ArchitectureBoston

Drawing Toward Home: Designs for Domestic Architecture from Historic New England

Posted in Vol 13 No 1 by bsaab on February 19, 2010

Unidentified suburban residence

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Boston University Art Gallery, November 18, 2009–January 17, 2010

National Building Museum, Washington, DC, February 13, 2010–August 15, 2010

A good architectural drawing creates what landscape painters call a moment. It illustrates something that in an instant resonates within us. With paintings, it is usually about a time or place that is iconic, as if we’ve known the place all along or were there at some point in our lives. As the drawings in this exhibition demonstrate, a good architectural drawing has that same capacity.

Beyond whatever artful quality they have, architectural drawings also require a certain correctness or scale to be useful. Whether a plan, an elevation, or a detail, all of the drawings in this exhibition are practical representations of an idea that was meant to be built. They had to accurately portray the whole house or a portion of it to clients or contractors and, by itself, that is often enough. But what is so significant here, and what elevates these drawings beyond mere representation, is their facility to give us the same moment that a good painting can give us.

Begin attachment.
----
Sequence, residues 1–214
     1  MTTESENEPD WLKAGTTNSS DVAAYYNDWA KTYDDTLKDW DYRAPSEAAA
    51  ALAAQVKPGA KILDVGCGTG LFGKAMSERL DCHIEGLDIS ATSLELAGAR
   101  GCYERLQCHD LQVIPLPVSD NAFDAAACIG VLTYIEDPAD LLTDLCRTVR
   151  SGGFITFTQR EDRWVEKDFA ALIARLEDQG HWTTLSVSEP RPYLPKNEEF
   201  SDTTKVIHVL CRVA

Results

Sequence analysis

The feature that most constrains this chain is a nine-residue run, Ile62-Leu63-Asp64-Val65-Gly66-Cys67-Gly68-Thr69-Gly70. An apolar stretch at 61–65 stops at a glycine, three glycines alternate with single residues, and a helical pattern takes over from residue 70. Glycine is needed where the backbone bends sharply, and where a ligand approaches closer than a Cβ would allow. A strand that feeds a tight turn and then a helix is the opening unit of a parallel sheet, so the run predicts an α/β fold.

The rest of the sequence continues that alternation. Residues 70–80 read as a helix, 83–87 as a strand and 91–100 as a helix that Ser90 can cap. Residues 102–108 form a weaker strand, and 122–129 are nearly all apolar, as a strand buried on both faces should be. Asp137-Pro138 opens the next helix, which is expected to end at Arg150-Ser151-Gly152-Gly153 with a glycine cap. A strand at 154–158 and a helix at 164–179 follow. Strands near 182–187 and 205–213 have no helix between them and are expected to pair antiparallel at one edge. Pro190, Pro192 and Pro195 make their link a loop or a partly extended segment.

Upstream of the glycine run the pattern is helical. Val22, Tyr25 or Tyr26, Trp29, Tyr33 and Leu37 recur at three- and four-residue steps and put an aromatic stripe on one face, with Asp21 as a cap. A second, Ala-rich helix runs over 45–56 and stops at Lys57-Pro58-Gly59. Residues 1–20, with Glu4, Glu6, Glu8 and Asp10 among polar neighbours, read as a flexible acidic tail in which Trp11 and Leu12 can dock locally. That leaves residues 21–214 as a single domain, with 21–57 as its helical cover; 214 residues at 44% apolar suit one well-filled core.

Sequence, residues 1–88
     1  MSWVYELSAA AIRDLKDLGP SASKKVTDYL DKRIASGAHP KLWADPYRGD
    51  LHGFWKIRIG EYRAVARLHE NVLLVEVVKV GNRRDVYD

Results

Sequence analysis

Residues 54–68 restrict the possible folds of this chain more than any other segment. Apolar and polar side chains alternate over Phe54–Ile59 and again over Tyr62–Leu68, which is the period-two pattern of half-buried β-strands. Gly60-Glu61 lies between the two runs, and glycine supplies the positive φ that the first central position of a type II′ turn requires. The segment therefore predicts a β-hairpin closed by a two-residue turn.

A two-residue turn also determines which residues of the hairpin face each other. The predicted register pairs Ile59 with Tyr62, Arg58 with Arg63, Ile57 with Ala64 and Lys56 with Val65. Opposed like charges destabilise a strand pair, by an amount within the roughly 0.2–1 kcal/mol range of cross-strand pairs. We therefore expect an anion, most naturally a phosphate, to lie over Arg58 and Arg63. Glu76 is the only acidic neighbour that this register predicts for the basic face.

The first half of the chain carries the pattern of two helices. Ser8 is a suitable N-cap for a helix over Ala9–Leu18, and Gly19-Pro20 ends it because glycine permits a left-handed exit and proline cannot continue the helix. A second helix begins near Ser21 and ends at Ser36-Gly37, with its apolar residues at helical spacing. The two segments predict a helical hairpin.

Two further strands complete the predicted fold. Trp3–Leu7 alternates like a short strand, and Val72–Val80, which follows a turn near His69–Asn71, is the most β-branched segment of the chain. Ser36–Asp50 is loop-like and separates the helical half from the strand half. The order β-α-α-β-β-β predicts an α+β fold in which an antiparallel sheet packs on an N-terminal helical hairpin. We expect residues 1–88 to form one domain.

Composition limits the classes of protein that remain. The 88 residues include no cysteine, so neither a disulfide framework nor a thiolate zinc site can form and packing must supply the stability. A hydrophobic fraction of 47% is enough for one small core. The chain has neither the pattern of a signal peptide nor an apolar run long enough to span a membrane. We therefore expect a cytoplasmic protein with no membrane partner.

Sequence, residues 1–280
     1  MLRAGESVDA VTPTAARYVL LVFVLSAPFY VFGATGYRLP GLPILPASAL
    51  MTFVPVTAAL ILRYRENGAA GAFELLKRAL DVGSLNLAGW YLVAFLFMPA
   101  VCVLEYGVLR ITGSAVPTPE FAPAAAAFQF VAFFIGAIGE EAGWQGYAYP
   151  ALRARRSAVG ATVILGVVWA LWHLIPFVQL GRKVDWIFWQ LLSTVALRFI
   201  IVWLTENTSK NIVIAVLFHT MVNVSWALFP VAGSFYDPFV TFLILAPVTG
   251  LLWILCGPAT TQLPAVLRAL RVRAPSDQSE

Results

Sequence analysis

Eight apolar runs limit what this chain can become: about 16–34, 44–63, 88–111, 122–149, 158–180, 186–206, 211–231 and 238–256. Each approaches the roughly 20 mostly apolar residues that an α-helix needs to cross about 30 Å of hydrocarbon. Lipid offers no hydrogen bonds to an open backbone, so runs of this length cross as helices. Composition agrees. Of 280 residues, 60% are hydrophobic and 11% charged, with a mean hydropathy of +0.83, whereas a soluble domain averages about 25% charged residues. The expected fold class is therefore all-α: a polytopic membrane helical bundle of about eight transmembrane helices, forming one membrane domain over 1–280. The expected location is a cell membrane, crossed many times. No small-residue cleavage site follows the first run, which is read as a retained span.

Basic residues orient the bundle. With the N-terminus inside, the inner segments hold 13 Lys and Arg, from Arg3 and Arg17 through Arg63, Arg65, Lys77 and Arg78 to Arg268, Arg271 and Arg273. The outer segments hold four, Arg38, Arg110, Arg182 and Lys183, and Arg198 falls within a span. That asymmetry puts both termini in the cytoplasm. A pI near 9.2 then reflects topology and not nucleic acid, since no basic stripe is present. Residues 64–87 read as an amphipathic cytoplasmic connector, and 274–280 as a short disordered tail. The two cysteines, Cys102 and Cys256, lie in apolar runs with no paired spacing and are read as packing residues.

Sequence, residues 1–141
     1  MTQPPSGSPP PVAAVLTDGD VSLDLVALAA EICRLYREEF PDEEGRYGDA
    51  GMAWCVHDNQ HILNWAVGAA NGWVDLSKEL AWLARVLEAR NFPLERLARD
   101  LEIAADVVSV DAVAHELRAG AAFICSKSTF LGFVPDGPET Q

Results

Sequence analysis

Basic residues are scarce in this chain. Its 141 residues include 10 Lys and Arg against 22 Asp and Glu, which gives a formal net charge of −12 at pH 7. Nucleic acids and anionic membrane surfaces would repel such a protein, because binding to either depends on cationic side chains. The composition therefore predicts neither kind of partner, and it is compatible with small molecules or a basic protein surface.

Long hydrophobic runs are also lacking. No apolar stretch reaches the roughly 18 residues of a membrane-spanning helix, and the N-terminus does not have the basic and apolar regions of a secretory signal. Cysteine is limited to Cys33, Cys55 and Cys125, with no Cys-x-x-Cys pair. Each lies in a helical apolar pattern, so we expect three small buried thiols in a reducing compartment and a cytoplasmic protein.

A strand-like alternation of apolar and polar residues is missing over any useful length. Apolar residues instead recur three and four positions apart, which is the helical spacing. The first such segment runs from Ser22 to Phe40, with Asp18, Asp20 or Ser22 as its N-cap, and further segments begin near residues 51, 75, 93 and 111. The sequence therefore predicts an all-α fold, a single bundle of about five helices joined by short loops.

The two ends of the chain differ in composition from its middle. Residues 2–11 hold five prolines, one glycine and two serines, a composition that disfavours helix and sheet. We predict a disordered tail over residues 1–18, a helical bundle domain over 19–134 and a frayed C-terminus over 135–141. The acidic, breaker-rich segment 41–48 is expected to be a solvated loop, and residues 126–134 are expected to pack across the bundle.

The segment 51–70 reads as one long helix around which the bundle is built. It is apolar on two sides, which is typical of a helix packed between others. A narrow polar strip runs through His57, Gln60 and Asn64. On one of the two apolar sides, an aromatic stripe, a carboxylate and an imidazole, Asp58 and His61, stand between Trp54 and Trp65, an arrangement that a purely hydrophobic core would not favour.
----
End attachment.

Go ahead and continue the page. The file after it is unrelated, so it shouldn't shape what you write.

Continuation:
Three drawings demonstrate the range of this show: one by Peabody and Stearns of a house in Newton (1875), one by Halfdon Hanson of a house in Gloucester (circa 1920), and another by Henry Hoover of a house in Lincoln (1968). Separated by only a few miles in Massachusetts but spread over almost a century in time, they couldn’t be more different stylistically. Yet all the drawings seem familiar and comfortable, as if one could move right in and occupy the house. Though the drawings in this exhibition span three centuries of domestic American architecture, that sense, or moment, is evident in all of them.

Top image: Unidentified suburban residence, 1930s, David J. Abrahams, architect. Courtesy Historic New England.

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  1. Cal Phillips said, on June 2, 2010 at 9:05 pm

    Reminds me of a Doctor’s home we painted here in Denver several years ago. Shape and design very similar, but exterior siding a horizontal V-match T&G 1 X 6 Cedar. Very stately while withstanding time.


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